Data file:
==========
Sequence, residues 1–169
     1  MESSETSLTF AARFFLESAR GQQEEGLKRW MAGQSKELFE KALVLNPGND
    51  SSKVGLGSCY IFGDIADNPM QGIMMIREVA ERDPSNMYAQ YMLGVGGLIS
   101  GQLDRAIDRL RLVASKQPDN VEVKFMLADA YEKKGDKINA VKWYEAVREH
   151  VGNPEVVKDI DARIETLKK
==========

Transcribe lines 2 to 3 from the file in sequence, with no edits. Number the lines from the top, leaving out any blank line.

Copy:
     1  MESSETSLTF AARFFLESAR GQQEEGLKRW MAGQSKELFE KALVLNPGND
    51  SSKVGLGSCY IFGDIADNPM QGIMMIREVA ERDPSNMYAQ YMLGVGGLIS